(Reuters) - A preliminary deal with owners of more than $3 billion of Puerto Rico Electric Power Authority (PREPA) bonds, announced late on Monday, puts the bankrupt utility on a tentative path toward transformation and privatization, but more challenges remain.
The restructuring agreement announced by a bondholders group largely made up of mutual funds and the utility would exchange existing bonds for new debt and link future payments to the island’s economic recovery.
The deal marks a major development in the government-owned utility’s four-year effort to restructure its debt. That process produced multiple proposals that were ultimately stymied, including one that was rejected by Puerto Rico’s federal oversight board last year.
Monday’s deal sent prices on some PREPA bonds higher in secondary market trading.
Governor Ricardo Rossello’s office estimated the tentative agreement would result in more than $3 billion in debt service cost savings over 20 years.
Oversight board Chairman Jose Carrion called the deal “a milestone” in the debt restructuring process aimed at transforming and privatizing PREPA into “a modern, world-class utility.”
Sinking under a debt load of $9 billion, PREPA filed for bankruptcy in July 2017. [nL1N1JT0GX] Its financial and operational problems were compounded by Hurricane Maria, which slammed into the island in September, decimating an electric grid already struggling due to poor rate collection, heavy management turnover and lack of maintenance.
Unlike previous proposed deals with creditors, the new agreement links future debt payments to Puerto Rico’s economic recovery and minimizes risk to rate payers by setting a fixed annual transition charge, according to the territory’s oversight board, which was also part of the agreement. That board was created by the U.S. Congress under the so-called PROMESA Act.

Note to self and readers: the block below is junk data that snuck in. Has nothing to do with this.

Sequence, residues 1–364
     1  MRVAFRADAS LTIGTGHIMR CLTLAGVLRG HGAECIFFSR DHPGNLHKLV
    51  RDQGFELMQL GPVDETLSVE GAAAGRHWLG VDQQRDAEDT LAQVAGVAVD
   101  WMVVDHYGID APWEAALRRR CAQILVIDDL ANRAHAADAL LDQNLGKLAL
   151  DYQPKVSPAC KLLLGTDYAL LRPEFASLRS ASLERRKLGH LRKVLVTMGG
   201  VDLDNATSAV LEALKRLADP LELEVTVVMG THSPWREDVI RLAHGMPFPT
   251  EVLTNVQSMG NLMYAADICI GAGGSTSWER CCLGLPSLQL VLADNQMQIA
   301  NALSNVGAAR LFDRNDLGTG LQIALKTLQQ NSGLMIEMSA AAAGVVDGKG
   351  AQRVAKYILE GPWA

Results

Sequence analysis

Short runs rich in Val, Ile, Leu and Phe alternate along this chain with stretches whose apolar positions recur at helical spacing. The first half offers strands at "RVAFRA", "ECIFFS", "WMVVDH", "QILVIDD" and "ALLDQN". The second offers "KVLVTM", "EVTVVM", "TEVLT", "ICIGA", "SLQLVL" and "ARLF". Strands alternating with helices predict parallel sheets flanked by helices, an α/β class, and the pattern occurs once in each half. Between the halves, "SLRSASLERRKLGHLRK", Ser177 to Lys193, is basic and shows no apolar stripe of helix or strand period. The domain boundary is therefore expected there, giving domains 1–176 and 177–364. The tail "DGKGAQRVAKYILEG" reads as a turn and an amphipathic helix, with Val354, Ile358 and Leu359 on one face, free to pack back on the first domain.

James Spiotto, a municipal bankruptcy expert at Chapman Strategic Advisors, said on Tuesday the deal shows progress toward a consensual resolution.
“It’s a very positive step,” he said in an interview. “Is it done? No.”
The agreement would give bondholders 67.5 cents on the dollar in the form of 40-year “tranche A” bonds and 10 cents on the dollar in the form of 45-year “tranche B” bonds that would receive excess cash flow once the tranche A bonds are repaid.
“This negotiated agreement, the first of its kind in the commonwealth’s restructuring, is a significant positive achievement for all parties involved,” the Ad Hoc Group of PREPA bondholders said in a statement.
Some PREPA bonds due in 2042 traded at 61 cents on the dollar on Tuesday, up from 45 cents on the dollar earlier this month.
The preliminary agreement lays out several potential events that could result in its termination, including the dismissal of the bankruptcy case.
Not included in the preliminary deal are PREPA bonds backed by insurance companies that guarantee debt payments. Assured Guaranty, a bond insurer, said on Tuesday it will continue “to vigorously enforce our property rights as a secured creditor” in PREPA’s bankruptcy case, while also seeking to consensually resolve matters.
The oversight board said that in addition to finalizing the deal, it seeks to reach debt restructuring agreements with insurers and fuel line lenders.
Rossello in January announced a plan to privatize the crippled utility, which recently experienced management changes that led to a congressional oversight hearing last week. [nL2N1PH1Y7] [nL1N1UL26L]
Reporting by Karen Pierog in Chicago; Additional reporting by Nick Brown in New York; Editing by David Gaffen and Matthew Lewis
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